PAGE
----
This is the question that I have been asked several times and most recently at a Health and Wellbeing Event, where I shared my lived experience. When I started to consider this, I found quite a stark headline:
“Two-Thirds of business leaders have suffered from mental health conditions including anxiety, stress and depression with work often cited as a contributor to this” – Bupa 2018
Bupa’s study conducted with 1556 global business leaders found:
- 58% of business leaders say that in their position it’s hard to talk about mental health
- 1 in 4 people feel less support for mental health issues since becoming more senior
- Sufferers fear that talking about mental health would affect perceptions of their capabilities and career prospects
So, who looks out for the Senior Leaders, and what can we do to support their Mental Health? I posed this same question at the start of the year to a prominent Professor and leader in wellbeing, and he too came to a similar conclusion. He found that there was literature that explores the impact of leaders on follower wellbeing. However, there was nothing that focuses on the support that is specific to leaders.
While there appears to be an overwhelming lack of literature, I found some reference to:
- Challenging perceptions around mental health and leadership
- Ensuring there are services available to support senior people
- Creating mentally healthy open workplace cultures where senior staff feel able to access support
- Business leaders sharing their own experiences which can help to remove the stigma
It got me thinking about my own experience in an attempt to try and find some answers.
As you will know from my previous blogpost (https://www.hwbinspiration.com/lived-experience-blog-by-lou-harris/), I resigned from my job as a Managing Director. I didn’t realise or admit to it for a very long time, but I was suffering from severe anxiety and had been for about two years before resigning. The organisation I left had a clear commitment to mental health, visible leadership and support services that were accessible, fast and efficient and this created a culture of openness and acceptance which helped me find the courage to acknowledge I needed help and seek support. Despite the support I received (which was brilliant), I felt I could no longer continue working as a senior leader. I was absolutely exhausted. I felt unable to shoulder the responsibility that comes with a senior leadership role and unable to continue as a good leader should protecting the mental health and wellbeing of others when my own mental health needed more dedicated time and attention.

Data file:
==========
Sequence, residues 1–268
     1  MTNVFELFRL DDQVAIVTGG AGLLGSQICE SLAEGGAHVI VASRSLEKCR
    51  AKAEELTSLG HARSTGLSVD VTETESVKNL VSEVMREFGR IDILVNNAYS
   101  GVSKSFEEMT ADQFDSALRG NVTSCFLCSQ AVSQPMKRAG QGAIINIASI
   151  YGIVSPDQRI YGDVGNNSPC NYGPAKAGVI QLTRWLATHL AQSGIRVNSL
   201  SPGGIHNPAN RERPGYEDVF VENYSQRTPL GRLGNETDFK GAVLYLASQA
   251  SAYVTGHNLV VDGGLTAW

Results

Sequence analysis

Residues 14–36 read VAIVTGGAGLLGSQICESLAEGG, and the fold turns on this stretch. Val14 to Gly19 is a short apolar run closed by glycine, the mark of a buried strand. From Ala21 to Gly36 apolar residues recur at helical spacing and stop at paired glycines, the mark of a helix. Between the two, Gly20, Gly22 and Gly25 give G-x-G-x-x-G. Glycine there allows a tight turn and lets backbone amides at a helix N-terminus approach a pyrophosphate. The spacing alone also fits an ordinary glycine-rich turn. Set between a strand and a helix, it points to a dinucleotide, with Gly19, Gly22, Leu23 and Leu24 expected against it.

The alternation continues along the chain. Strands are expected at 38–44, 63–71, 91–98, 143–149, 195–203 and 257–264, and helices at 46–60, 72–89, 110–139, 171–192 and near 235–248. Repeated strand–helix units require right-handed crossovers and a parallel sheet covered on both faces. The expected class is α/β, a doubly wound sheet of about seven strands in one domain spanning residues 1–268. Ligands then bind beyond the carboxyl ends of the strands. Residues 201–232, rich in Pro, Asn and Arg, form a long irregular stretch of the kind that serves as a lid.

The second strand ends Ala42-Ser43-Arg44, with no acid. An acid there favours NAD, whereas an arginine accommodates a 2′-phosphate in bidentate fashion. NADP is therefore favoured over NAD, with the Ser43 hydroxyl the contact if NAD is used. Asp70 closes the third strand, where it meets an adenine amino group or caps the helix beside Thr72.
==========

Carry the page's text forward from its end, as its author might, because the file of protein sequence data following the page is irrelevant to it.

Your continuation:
So why did it take me so long to do something? I was reluctant first and foremost to acknowledge that I was struggling with my mental health and secondly to ask for help. Why was this? We will all have our reasons. For me (not justified) I felt like I had to wear an “I am doing great” badge constantly. I was the leader, and people looked to me for direction and support, I couldn’t possibly acknowledge I was struggling and ask for help because people would question my ability as a leader. So, I basically tried to hide the fact I was struggling. When I did finally acknowledge and seek support and take time out while the side effects of my medication subsided and returned to work, the response was quite overwhelming. My absence due to my mental health had not negatively impacted on people’s views of my ability as a leader; in fact, it almost seemed to encourage more open conversations with my team and colleagues. I believe this was because first and foremost, they saw me as a human being.
So, is looking out and supporting senior manager any different to what we would do for anyone else in our organisations? I have concluded that the answer to this question based on my own experience is NO. I agree that it is essential to challenge perceptions around mental health and leadership, provide accessible services, and if leaders feel able and want to disclose it can have a tremendously positive impact on an organisations culture. The organisational culture was absolutely at the heart of giving me the courage as a senior leader to acknowledge I was struggling and seek support. As we know, it is leaders who create the culture of an organisation. And so, maybe we need to pay more considerable attention to the role of Boards? How often do Boards consider Mental Health and Wellbeing? What culture are they creating for the Senior Leadership team around mental health?
Similarly, I believe that colleagues and peers can play a vital role. We often work as senior leadership teams on some of the most challenging and wicked issues our organisations face, we come into regular contact, we share experiences, and this puts us in a great position to look out for one another. So, as Board members, leaders, colleagues, peers and human beings let’s look out for and support one another, as doing so could have a significant impact on our colleagues’ lives.